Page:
The Implementation Plan describes briefly the funded research projects and how they are coordinated with nationally and EU-funded activities. The Plan describes coordination of logistical platforms needed to perform Arctic research, in particular icebreakers and ice-going research vessels, buoys and moorings, drifting ice stations and aircraft. The Implementation Plan has been compiled based on projects that are funded from various sources, in particular EU projects and national projects. In 2006 and beginning of 2007 national IPY programmes announced opportunities and provided funding for projects related to many of the topics in the Science Plan. The document describes field activities and projects that have recently started or will start soon as part of the intensive IPY campaigns in 2007 – 2008.

Coordination with other projects has been done primarily to optimise logistics and field experiments. Several projects cooperate the use of icebreakers, open ocean vessels, aircraft and other infrastructure facilities. This is described in the Implementation Plan. Satellite data acquisition is also coordinated between several projects. Coordination also includes new proposal preparation. In the DAMOCLES project, an extension proposal was prepared involving Russian Federation and Belarus partners to strengthen the satellite ice observation and climate modelling work in the Arctic. The Norwegian IPY programme is funding 20 new projects starting in 2007. Many of these projects are focused on specific topics of the Science Plan.

Promotion and outreach activities have continued, including the official website prepared by IPF ( and the website provide by NERSC ( Several presentations of IPY-CARE have been given at conferences, meetings and workshops. Scientific papers have been published, and some training and education activities have been conducted. Specific presentations and meeting have been held for offshore industry and marine transportation and other operators who expect to increase their activities in the Arctic. Presentations have been given to European and global agencies and programmes developing environmental and climate monitoring systems. Promotion and outreach activities were conducted in cooperation with other Arctic climate projects. New results from research projects showing climate change or extreme climate events in Arctic regions have now extensive coverage by the media. New knowledge of the Arctic climate will evolve as a result of the intensified research activities associated with IPY.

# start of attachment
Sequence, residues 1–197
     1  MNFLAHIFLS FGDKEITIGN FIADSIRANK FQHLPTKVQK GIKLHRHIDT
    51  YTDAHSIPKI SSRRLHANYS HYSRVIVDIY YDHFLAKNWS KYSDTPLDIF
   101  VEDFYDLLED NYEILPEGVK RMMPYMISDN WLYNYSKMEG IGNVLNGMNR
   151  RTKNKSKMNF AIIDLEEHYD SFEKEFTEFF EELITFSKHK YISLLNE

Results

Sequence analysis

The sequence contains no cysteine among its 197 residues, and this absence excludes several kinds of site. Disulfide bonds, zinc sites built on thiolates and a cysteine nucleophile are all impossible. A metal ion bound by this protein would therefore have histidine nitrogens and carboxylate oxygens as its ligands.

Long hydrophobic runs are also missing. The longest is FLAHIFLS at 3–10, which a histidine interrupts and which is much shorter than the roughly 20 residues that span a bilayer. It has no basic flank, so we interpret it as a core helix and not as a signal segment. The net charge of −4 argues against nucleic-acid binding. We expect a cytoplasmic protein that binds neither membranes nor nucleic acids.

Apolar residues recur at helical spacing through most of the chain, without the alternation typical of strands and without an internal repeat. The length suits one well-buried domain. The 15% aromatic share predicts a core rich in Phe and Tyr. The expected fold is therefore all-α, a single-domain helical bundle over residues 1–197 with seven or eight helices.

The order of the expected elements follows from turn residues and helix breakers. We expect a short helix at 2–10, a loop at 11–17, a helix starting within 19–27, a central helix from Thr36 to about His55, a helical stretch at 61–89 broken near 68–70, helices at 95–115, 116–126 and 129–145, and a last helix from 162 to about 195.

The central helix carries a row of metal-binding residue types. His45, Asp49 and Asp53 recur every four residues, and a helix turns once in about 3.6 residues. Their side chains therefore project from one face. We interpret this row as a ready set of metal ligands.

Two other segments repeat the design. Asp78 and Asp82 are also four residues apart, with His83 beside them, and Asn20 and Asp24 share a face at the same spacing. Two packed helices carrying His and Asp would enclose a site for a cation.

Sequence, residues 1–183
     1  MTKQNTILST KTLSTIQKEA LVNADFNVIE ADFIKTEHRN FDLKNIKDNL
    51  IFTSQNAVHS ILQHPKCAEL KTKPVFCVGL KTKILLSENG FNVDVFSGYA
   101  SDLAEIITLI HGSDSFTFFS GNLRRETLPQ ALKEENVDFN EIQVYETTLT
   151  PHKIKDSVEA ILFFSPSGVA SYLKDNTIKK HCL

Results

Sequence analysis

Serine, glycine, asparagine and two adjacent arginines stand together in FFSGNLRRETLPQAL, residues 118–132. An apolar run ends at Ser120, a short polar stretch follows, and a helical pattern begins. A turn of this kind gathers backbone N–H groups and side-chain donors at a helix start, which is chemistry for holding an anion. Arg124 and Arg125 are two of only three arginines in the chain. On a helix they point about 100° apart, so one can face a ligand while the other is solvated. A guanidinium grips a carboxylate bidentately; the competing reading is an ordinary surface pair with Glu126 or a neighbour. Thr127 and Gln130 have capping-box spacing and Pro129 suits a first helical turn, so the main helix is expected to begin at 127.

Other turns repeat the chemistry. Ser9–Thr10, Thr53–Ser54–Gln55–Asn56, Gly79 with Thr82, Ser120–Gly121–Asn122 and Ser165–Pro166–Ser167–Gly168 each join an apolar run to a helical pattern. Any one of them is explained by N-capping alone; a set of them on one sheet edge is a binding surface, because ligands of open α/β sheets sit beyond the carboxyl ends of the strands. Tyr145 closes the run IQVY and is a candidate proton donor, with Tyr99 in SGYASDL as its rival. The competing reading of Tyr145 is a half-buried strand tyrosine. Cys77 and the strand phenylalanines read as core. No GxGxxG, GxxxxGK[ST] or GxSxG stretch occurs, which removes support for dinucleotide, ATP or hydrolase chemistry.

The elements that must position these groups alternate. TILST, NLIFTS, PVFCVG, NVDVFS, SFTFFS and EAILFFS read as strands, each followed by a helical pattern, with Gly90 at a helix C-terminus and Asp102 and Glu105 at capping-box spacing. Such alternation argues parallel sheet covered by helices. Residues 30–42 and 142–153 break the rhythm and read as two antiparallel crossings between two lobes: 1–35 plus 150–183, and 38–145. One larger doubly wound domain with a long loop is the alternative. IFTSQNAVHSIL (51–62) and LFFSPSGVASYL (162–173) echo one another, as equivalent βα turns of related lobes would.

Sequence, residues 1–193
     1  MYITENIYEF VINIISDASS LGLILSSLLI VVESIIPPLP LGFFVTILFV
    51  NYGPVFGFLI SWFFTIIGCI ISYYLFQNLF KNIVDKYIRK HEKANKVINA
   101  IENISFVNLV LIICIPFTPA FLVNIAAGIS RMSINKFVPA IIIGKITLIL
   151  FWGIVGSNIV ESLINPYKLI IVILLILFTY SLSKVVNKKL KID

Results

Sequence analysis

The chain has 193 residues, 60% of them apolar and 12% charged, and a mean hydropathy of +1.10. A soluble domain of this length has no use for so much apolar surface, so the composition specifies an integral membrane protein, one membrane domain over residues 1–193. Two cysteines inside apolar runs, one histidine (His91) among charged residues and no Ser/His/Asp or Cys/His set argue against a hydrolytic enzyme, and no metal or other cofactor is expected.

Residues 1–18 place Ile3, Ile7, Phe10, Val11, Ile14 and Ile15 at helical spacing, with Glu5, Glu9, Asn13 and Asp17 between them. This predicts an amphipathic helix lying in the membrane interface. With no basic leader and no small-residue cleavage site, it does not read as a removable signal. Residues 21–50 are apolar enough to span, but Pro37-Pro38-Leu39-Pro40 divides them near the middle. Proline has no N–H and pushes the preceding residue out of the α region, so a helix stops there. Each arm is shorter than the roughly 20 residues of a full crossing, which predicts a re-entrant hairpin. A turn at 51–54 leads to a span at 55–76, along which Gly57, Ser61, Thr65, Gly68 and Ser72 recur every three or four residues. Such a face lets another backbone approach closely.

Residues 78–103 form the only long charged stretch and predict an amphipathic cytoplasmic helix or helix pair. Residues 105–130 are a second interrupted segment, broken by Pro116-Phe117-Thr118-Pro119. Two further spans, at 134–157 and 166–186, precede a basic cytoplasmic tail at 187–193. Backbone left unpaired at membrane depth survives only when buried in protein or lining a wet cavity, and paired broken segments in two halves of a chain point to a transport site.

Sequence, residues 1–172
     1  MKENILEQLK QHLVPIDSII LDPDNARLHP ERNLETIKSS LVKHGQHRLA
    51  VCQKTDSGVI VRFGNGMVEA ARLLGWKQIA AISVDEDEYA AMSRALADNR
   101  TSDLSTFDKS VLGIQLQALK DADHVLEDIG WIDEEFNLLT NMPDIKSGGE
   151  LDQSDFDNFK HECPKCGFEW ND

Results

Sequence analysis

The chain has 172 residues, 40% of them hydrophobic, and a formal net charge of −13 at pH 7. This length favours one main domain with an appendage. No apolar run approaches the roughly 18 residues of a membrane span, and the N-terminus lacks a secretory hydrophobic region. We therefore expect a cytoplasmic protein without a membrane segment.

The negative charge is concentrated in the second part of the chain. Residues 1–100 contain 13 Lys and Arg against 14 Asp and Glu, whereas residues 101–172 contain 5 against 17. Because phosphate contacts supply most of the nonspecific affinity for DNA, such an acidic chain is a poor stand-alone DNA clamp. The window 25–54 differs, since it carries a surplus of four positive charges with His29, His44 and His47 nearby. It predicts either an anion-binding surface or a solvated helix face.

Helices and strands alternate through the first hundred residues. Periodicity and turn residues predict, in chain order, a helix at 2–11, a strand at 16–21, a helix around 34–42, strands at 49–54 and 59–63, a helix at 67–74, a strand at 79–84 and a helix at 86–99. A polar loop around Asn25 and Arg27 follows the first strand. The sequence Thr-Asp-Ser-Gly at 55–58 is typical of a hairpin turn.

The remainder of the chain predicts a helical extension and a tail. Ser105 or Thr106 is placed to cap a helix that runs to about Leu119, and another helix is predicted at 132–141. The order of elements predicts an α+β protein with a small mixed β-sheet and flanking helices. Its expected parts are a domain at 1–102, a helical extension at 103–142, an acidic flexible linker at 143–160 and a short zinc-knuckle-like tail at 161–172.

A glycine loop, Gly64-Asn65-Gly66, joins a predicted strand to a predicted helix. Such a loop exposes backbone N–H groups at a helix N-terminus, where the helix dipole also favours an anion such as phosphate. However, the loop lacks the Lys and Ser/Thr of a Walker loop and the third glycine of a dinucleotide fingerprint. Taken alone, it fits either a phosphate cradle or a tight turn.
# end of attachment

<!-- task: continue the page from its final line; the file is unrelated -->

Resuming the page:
Use and dissemination of knowledge
Results of climate research are needed by many user groups and organisations with activities and responsibilities in the Arctic. The partners in IPY-CARE have disseminated knowledge from Arctic climate research to the following user groups:
- Practical operators in Arctic regions, including shipping companies, oil and gas companies
- National agencies and authorities with responsibilities for infrastructure and monitoring services in Arctic regions
- International organisations and programmes for the Arctic, including Arctic Council and its working groups, CliC, GOOS, GCOS, IGOS
- Education and training.
- Technology transfer from science and technology to SMEs
- The general public and media

The approach for dissemination of results includes: Public website with up to date information, publications in scientific & technical journals, presentation of results at conferences related to polar and climate topics, seminars and meetings with specific user groups (e.g. oil industry).